Without glancing, the old man waved his prosthetic hook, and the well-nursed tumbler clutched in its pincers, at one of the flat’s walls. There, gray file cabinets loomed: stoic, rectangular sentinels from a bygone era.

Between these relics and the door was a flotsam maze: the detritus of a long, lonely life. Overflowing trashcans and ashtrays. Empty liquor bottles and greasy take-out boxes. Half-unpacked boxes and second- or more likely fourth-hand chairs and furniture, some of which still bore mildewed post-it notes scribbled with “Free” in black sharpie. A dozen or more shop window mannequins stood against a wall. Old ones, some without arms or hands or heads. Others impaled by knives or riddled with bullet-holes. Stranger bric-a-brac warred for space: a mummified snapping turtle, mugshots taken with dusty polaroids and museum-piece daguerreotypes, and apotropes to various loa, black and red.

The courier wove between this sea of clutter and curios and set the parcel atop the nearest cabinet, between a leering Mardi Gras teddy bear and a calf-leathered tome entitled Forensic Application of Anthropometry, Alphonse Bertillon, 1874. Meanwhile, the old man continued to pour over his time-sallowed newspaper, seemingly paying her no heed.

Eager to be gone, and grateful the delivery did not require a signature, she retraced her steps and headed for the exit. She nudged the door closed with her shoe, not wanting to touch anything else from the fetid flat. She forcefully exhaled, only then realizing that she had been holding her breath. She closed her eyes, as if to banish the sight and stink and whispered, “Sweet Jesus, it’s like someone died in there.”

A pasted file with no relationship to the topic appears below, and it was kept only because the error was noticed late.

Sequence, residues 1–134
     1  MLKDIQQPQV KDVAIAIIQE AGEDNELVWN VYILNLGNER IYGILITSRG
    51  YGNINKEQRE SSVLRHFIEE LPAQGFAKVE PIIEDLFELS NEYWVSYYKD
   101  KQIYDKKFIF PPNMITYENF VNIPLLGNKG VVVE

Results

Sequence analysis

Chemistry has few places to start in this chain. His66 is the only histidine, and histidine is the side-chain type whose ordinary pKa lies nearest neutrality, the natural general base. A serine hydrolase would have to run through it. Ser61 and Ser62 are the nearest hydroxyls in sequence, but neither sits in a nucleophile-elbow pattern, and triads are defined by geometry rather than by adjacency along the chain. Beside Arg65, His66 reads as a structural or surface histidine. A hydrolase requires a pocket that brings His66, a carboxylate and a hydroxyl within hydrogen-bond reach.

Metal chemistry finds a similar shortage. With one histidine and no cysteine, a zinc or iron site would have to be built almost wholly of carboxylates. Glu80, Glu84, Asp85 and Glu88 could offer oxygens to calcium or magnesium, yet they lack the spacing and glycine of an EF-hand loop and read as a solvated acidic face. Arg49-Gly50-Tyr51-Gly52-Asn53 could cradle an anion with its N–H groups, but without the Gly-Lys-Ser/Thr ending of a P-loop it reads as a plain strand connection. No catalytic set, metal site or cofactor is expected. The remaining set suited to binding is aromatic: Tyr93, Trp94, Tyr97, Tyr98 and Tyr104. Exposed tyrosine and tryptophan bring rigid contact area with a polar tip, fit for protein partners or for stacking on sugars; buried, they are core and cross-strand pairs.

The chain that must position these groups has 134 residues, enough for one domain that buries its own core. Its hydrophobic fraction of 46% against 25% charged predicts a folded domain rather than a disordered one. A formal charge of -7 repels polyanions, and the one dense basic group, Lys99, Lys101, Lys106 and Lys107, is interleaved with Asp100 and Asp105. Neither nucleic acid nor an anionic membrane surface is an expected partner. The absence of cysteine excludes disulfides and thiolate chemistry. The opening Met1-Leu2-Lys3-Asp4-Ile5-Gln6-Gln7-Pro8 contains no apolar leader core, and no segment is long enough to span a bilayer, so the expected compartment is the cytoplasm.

A voice, equally quiet, but eerily disquieting, replied, “Jesus be a bit sweeter if t’was only one.”

The courier jumped, thinking that the old man had somehow heard her—but quickly realized that the voice was coming from the stairwell, not the office. Also, it was too effeminate. And too close.

She opened her eyes—and then immediately wished she hadn’t.

Standing, no, floating, in front of her was a woman in her mid-thirties, dressed in a rose-patterned sundress, pearl necklace, and kitten-heeled pumps. Her hair was expensively coifed, and her posture was demure, if dignified. Except for her neck—or what remained of it. Her neck had been ripped open, and almost off, causing her head to sickly dangle to one side. Colorless blood seeped from her torn throat—which was also colorless as was the rest of her. No, not just colorless, but transparent. Ghostly.

The courier stood, silent with shock, paralyzed with fear.

The spectral woman just smiled, then spoke in painfully polite tone, “Pardon me, darlin’, but would ya mind?” She motioned towards the door with a perfectly manicured, incorporeal finger, “I have a six o’clock appointment with Mr. Fontaine, and ma mama told me to never keep a good man waitin’.”

The courier’s reply was a scream. She bolted down the stairs, away from 5666 Canal St and all its horrors.

5666 Canal Street, Office of Louis Fontaine